Intentional cannabis use may help reduce addiction to crack cocaine, suggests study
A recent study by a team of Canadian researchers has investigated the possibility of using cannabis as a treatment option for individuals with crack cocaine use disorder. Findings of the study, which appeared in the journal Addictive Behaviors in April 2017, suggest that phases of intentional cannabis use can help in reducing the regularity of crack consumption in people with crack cocaine use disorder.
The researchers sourced data from three prospective cohort studies, involving 122 participants over a three-year period, between 2012 and 2015, which examined the intentional use of cannabis to regulate crack consumption. Adjusted analyses were subsequently used to compare the frequency of crack use during three time periods – before, during and after intentional phases of using cannabis. It was found that:
- There was a significant reduction in the rate of crack usage in the period after the intentional use of cannabis, when compared with earlier periods.
- There was no significant difference in the rate of crack usage during the period when cannabis was intentionally used.
- Compared to earlier periods, the rate of cannabis use was higher in the period after intentional use of cannabis. However, the frequency of cannabis use was lower afterwards than the period of intentional cannabis use.
No FDA-approved medicine to treat crack addiction
Crack cocaine, or simply crack, is cocaine in crystallized form. Addiction to crack develops rapidly, sometimes taking hold after just one use, and its use results in a sudden high. As per the 2015 National Survey on Drug Use and Health (NSDUH), the lifetime prevalence of crack cocaine use disorder among Americans aged 12 years or older was 3.4 percent, whereas the past year and past month prevalence was 0.3 percent and 0.1 percent, respectively. In 2013, nearly six percent of all admittances to drug abuse treatment programs were on account of cocaine. Majority of such cases, accounting for 68 percent of all principal cocaine admittances in 2013, were of individuals who smoked crack.
So far, the Food and Drug Administration (FDA) has not approved any medication that can be used to treat crack cocaine disorders, although researchers are investigating various options, including those which use neurobiological methods. The study is the most recent one to suggest that cannabis can be used to reduce cravings of crack cocaine. A small, older study in Brazil found that the therapeutic use of cannabis helped 68 percent crack abusers reduce their craving symptoms and end their dependence on crack entirely.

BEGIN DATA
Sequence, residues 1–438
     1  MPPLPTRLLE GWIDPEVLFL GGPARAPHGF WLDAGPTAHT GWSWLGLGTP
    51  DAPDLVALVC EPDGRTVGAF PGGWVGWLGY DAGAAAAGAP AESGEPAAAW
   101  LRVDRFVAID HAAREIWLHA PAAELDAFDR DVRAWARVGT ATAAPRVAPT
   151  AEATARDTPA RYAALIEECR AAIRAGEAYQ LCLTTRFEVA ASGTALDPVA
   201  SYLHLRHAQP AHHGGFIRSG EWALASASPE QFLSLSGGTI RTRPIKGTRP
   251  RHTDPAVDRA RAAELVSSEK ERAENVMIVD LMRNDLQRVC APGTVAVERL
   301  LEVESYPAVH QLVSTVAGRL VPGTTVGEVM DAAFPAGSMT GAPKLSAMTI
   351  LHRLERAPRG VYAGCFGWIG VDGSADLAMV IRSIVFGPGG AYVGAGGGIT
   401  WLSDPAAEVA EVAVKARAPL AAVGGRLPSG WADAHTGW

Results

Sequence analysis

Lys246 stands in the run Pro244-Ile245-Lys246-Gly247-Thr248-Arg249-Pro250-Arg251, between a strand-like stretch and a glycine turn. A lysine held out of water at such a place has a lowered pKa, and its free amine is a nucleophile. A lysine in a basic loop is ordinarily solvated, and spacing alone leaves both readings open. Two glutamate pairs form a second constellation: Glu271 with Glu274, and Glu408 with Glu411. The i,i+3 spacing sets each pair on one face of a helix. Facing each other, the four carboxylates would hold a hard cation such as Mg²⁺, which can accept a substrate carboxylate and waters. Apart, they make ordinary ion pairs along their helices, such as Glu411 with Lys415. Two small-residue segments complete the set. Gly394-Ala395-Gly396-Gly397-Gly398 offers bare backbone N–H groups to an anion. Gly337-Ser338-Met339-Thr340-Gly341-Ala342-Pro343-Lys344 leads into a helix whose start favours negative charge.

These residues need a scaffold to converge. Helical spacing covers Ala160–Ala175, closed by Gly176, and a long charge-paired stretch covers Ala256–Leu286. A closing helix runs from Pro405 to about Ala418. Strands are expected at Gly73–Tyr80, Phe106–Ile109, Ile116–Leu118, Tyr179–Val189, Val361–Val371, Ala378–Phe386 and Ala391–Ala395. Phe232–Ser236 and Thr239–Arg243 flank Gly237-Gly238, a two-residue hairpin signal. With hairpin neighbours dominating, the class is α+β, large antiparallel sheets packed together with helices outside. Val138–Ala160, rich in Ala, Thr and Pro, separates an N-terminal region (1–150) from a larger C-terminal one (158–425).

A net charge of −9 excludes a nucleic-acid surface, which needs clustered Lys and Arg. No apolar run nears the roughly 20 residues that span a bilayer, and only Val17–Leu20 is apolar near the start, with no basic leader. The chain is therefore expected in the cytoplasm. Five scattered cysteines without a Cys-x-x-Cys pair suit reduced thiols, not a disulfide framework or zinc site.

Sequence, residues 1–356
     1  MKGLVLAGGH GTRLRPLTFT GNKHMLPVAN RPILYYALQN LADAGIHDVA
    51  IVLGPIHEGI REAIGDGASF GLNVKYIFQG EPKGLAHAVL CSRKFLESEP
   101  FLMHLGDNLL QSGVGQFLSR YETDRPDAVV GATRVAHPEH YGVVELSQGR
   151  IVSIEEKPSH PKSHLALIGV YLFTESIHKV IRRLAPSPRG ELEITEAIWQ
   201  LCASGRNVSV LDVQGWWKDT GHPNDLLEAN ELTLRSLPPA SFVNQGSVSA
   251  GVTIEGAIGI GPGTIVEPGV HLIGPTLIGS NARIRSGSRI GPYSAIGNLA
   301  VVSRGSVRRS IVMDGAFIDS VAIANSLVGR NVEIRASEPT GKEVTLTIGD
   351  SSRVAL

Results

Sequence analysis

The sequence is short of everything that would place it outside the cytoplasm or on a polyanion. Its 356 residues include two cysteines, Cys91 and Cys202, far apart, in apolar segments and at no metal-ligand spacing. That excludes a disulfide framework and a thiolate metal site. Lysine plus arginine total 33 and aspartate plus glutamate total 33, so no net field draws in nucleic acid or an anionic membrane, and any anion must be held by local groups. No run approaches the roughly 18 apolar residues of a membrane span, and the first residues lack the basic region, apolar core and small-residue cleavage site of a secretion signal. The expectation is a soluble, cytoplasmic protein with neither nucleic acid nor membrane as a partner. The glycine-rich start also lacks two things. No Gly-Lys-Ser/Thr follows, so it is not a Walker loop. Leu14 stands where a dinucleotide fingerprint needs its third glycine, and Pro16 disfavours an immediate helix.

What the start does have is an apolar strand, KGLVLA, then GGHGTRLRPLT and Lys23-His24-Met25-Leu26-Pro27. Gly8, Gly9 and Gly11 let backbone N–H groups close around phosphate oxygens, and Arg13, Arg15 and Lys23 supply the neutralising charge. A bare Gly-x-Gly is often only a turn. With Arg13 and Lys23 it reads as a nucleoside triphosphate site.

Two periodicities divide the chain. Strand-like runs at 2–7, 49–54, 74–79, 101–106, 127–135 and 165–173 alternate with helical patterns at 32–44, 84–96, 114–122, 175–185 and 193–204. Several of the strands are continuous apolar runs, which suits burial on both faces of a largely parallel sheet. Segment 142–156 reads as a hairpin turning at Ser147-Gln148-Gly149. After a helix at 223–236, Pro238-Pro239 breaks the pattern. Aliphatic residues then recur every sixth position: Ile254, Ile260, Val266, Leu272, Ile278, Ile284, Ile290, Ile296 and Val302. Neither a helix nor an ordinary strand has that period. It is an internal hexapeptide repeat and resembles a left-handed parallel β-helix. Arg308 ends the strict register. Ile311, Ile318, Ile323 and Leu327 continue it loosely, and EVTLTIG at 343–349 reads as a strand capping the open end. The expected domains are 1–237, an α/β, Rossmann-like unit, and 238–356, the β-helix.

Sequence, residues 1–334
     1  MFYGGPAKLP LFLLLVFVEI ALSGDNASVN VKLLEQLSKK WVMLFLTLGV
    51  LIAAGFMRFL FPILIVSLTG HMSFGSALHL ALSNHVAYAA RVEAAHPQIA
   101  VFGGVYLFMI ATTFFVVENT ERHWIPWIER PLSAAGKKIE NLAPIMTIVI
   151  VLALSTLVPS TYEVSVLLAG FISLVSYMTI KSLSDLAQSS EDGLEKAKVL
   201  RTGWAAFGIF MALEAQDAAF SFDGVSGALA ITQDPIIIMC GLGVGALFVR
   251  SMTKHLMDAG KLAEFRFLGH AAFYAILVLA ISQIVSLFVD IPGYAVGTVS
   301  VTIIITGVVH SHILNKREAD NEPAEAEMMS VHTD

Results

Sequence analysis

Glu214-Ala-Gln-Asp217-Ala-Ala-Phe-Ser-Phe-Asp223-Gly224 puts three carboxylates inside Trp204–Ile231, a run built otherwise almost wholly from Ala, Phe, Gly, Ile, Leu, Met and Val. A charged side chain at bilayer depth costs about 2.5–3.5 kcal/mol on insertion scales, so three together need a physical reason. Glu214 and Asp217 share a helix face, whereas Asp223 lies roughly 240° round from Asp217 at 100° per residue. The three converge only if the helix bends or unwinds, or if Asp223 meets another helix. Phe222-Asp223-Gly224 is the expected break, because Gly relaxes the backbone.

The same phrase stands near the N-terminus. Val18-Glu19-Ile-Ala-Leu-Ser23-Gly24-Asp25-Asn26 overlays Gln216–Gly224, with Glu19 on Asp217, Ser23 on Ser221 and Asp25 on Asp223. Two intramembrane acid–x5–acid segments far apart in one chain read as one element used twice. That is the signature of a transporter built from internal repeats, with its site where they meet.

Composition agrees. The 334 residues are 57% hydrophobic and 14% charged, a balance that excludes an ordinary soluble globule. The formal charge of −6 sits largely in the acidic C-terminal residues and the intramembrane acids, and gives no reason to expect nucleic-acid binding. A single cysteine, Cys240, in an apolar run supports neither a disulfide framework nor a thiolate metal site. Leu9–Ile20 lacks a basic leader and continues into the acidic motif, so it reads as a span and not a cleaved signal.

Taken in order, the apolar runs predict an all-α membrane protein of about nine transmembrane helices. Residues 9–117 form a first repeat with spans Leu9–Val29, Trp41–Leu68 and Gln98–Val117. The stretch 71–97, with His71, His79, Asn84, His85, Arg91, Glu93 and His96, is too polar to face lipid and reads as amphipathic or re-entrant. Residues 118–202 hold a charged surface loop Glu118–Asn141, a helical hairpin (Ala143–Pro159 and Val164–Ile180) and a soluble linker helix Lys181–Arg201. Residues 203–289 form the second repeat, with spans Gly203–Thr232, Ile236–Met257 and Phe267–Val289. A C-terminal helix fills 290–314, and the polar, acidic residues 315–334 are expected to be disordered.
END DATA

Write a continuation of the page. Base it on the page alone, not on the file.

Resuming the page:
Past researches provide evidence that cannabinoids, the primary chemical compounds found in cannabis, are capable of restraining the cravings for cocaine through their interplay with CB2 receptors of the endocannabinoid system (ECS). In this study, test mice that had been deliberately made to develop cocaine addiction were administered a synthetic cannabinoid, which was a close proxy of the active chemicals found in cannabis. It was found that the mice showed a lower urge to use cocaine. The researchers came to the conclusion that the synthetic cannabinoid activated the CB2 receptors of the mice, which resulted in reduced cravings for cocaine.
More research needed to establish cannabis as potential treatment option
The researchers summarized their observations by stating that an association has been shown between phases of intentional cannabis use self-reported by participants and subsequent phases where the usage of crack cocaine was lower. At a global level, substantially adverse health effects and death rates can be attributed to crack cocaine use disorders. In addition, there is no effective medicinal treatment option available as yet. Accordingly, the researchers support the need for stringent trials and research on cannabinoids to establish their efficacy as a potential treatment for addiction to crack cocaine.
Addiction to drugs can be treated with timely intervention and professional help. If you or someone you know is battling addiction to substances, contact the Drug Addiction Helpline to get help for drug addiction. Call us at our 24/7 helpline number 866-403-5607 or chat online with our experts for more details on the best inpatient drug abuse treatment centers or outpatient drug abuse treatment centers in your area.